Bautista swings, Times whiffs

The dumbest story idea I ever heard was from my city editor at the Toronto Sun, who, in 1977, wanted me to go to Newfoundland, club a baby seal to death and write about the experience.

I laughed, went back to my desk, and laughed some more.

That should have been the upshot of whatever transpired recently between a New York Times sportswriter and his editor.

Instead, the reporter traveled to Atlantic Canada, packing a hopelessly dumb story idea.

The premise: Jose Bautista is nicknamed Joey Bats and there is a place in Newfoundland called Joe Batt’s Arm. What’s up with that?

Here’s the classic shaggy dog story, published in Saturday’s paper:

JOE BATT’S ARM, Newfoundland — At first glance at a map, you wonder if this little fishing hamlet on a remote island off the northern coast of Newfoundland is playing a gag on everyone.

Maps are notorious pranksters.

After all, Canadians are discovering amusing ways to celebrate the Toronto Blue Jays’ return to the playoffs for the first time in 22 years. The CN Tower in Toronto is lit in blue lights, and a famous coffee chain is selling Blue Jays doughnuts.

Forget all those famous comedians from the True North. The Hogtown Phallus and Tim Hortons are truly representative of what amuses Canadians.

So why couldn’t Joe Batt’s Arm, a little town on Fogo Island, have changed its name to honor the team’s biggest star, Jose Bautista, a.k.a. Joey Bats.

Note: Inquiries concerning geographical nomenclature in Canada, proposals concerning new names, or changes in the form, spelling or application of existing names may be submitted in writing to the appropriate Geographical Names Board of Canada member.

Perhaps the island residents who watched Game 5 of the American League division series saw the dramatic pose that Bautista struck after hitting a mammoth three-run home run. He chucked his bat defiantly toward the Texas Rangers’ dugout, his left arm remaining shoulder high, parallel to the ground and curved like the cove that defines the shape of this town …

A satellite image of the cove was also used by Michelangelo to fix the angle of David’s left arm.

It’s a natural. Draw up the papers, a quick proclamation at Town Hall and voilà: Joe Batt’s Arm.

Dear Borough President Diaz: Please draw up a quick proclamation to change the name of the Bronx to A-Rod’s Syringe.

Who would notice in a country with towns named Saskatoon, Stoner, Skookumchuck and St.-Louis-du-Ha! Ha!

Or in a country with towns named Cut and Shoot (Texas), Frankenstein (Missouri), Hell (Michigan) and War (West Virginia).

There is only one problem.

“It’s not named for him,” said Edmund Decker, a 72-year-old retiree and former fisherman who was born on Fogo Island.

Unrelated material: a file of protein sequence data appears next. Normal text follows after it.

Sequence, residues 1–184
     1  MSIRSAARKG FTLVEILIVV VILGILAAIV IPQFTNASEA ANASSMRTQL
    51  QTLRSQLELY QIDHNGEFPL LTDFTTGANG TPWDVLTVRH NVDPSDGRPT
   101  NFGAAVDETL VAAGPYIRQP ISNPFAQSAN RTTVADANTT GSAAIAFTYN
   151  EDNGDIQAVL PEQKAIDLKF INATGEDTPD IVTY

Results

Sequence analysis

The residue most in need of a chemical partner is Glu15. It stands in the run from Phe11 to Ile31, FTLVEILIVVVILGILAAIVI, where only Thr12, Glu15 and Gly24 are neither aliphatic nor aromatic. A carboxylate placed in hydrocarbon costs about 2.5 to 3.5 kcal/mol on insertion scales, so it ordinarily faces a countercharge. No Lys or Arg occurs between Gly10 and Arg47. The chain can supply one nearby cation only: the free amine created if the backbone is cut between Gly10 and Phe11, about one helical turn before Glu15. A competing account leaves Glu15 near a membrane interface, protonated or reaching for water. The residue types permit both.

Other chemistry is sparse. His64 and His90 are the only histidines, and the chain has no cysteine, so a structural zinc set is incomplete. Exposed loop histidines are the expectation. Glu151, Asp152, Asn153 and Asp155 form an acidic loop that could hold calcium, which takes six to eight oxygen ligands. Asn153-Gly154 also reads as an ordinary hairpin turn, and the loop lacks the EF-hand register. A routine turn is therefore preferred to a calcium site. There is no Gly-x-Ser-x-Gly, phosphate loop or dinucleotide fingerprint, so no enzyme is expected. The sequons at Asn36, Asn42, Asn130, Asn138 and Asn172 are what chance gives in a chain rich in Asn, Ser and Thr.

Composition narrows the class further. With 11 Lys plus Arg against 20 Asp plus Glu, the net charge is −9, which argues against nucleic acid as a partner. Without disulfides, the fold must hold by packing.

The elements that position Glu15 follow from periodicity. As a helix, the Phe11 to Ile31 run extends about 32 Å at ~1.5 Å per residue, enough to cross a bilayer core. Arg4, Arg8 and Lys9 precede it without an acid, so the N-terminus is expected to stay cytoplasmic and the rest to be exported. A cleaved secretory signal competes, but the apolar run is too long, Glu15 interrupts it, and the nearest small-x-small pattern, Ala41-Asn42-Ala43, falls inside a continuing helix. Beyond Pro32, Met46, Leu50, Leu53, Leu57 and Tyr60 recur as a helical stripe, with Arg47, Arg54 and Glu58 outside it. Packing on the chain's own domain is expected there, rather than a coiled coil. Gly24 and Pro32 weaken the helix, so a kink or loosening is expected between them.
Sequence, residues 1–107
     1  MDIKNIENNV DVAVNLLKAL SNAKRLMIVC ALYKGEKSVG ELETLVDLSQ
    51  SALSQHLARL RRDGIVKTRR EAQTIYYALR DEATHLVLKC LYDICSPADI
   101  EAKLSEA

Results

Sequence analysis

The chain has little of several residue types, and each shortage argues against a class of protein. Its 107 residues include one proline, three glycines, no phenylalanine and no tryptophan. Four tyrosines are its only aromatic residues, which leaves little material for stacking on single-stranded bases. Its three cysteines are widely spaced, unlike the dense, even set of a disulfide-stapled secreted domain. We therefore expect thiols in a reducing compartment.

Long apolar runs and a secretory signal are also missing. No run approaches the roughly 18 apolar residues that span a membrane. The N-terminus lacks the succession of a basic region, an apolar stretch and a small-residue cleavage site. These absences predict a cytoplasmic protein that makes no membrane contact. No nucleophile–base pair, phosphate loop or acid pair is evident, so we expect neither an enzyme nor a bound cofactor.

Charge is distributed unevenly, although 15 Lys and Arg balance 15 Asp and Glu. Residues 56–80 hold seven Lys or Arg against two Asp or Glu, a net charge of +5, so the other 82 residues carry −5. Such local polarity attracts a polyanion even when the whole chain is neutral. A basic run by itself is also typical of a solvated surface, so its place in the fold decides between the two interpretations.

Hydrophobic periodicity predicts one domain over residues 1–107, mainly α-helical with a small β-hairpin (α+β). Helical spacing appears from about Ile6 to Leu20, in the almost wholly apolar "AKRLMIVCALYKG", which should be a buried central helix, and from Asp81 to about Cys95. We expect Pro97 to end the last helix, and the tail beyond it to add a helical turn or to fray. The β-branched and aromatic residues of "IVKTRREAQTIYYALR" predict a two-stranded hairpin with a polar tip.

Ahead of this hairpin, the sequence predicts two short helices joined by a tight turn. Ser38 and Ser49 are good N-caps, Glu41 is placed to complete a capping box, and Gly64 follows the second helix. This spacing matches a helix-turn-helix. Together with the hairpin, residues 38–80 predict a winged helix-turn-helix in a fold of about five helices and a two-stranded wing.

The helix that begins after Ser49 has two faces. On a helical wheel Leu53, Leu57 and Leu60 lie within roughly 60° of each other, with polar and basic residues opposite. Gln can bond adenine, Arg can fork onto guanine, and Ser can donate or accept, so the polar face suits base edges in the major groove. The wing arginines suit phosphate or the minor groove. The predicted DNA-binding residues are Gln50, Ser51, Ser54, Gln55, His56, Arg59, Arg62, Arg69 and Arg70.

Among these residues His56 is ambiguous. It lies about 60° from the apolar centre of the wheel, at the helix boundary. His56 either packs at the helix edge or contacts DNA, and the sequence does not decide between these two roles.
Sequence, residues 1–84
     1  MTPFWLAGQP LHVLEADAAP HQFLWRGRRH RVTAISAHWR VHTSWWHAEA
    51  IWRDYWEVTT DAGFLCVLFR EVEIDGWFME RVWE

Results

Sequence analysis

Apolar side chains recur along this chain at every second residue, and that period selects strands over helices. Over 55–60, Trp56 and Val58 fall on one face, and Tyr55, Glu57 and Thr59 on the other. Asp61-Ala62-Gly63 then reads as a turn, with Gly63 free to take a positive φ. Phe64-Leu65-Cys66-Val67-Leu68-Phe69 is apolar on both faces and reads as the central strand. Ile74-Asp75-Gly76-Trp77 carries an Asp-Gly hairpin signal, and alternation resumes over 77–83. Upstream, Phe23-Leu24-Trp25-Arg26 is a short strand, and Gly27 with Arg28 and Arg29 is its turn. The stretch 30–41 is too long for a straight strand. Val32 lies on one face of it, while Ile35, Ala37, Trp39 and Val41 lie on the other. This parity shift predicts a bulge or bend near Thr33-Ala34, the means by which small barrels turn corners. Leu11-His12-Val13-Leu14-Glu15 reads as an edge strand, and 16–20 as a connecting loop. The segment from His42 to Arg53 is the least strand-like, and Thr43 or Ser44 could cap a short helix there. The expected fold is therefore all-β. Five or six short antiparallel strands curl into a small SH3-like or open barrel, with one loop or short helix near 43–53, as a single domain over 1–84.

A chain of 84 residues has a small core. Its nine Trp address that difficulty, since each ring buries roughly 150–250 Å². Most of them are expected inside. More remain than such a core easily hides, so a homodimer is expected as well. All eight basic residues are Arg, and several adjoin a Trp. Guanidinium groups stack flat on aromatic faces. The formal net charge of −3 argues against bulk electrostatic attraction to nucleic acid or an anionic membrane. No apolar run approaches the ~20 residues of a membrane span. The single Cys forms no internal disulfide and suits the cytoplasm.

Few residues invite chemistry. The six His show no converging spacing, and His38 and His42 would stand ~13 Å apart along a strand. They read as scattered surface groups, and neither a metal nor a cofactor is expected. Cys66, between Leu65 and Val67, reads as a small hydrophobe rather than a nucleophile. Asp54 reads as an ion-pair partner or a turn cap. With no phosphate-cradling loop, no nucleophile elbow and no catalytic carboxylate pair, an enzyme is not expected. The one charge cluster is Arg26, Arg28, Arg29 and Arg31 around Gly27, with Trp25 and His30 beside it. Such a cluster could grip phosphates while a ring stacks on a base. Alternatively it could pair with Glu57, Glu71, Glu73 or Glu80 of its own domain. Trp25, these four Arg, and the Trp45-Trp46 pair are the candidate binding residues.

Mr. Decker is not the only source of this information. You could have stayed in New York and phoned any of the 35 million other Canadians who know there is no town in their country named for Jose Bautista.


This isn’t one of those pitiful how-I-failed-to-get-the-story stories. It’s an I-know-there-is-no-story-but-I’m-going-to-write-it-anyway-and-the-Times-is-going-to-publish-it-anyway story.

It goes on and on, nearly 1,000 words, much of it devoted to non-Bautista detours, including: the legend of Joe Batt, who supposedly washed ashore from one of Captain Cook’s ships; the sad state of the cod fishery, and the exotic accent of Newfoundlanders.

There is also an ad for “the recently built Fogo Island Inn, a modern, environmentally friendly luxury hotel with a stunning view of the North Atlantic.”

Throw that shaggy dog a $1,000-a-night bone.

The story concludes: “Just west of Fogo Island, there is Too Good Arm. It just has to be named after the Mets’ pitching staff.”

Has to be. No question.

And what about all the places possibly named for Mets’ hitting star Daniel Murphy?

Get the Times travel office working on the next road trip, with stops in:

Murphy Cove and Murphy Lake, Nova Scotia; Murphy Settlement and Murphy Corner, New Brunswick; Murphy Beach and Murphy Corners, Ontario; Murphy Creek, Saskatchewan; Murphy, Georgia; Murphy, Idaho; Murphy, Iowa; Murphy Cross Roads, Alabama; Murphy’s Corner, Arkansas; Murphy Ford, Murphy Fork and Murphysville, all in Kentucky.

Don’t forget Matt Harvey, the Mets’ starter in Tuesday’s Game One of the World Series.

Better book that trip now to Harvey, New Brunswick; Harvey, Arkansas; Harvey, Illinois; Harvey, Iowa; Harvey, Kentucky, and Harvey, Maine.

What about Syndergaard, Saskatchewan? DeGrom, Louisiana? Cespedes, Puerto Rico?

I made up those three.

Shouldn’t matter.


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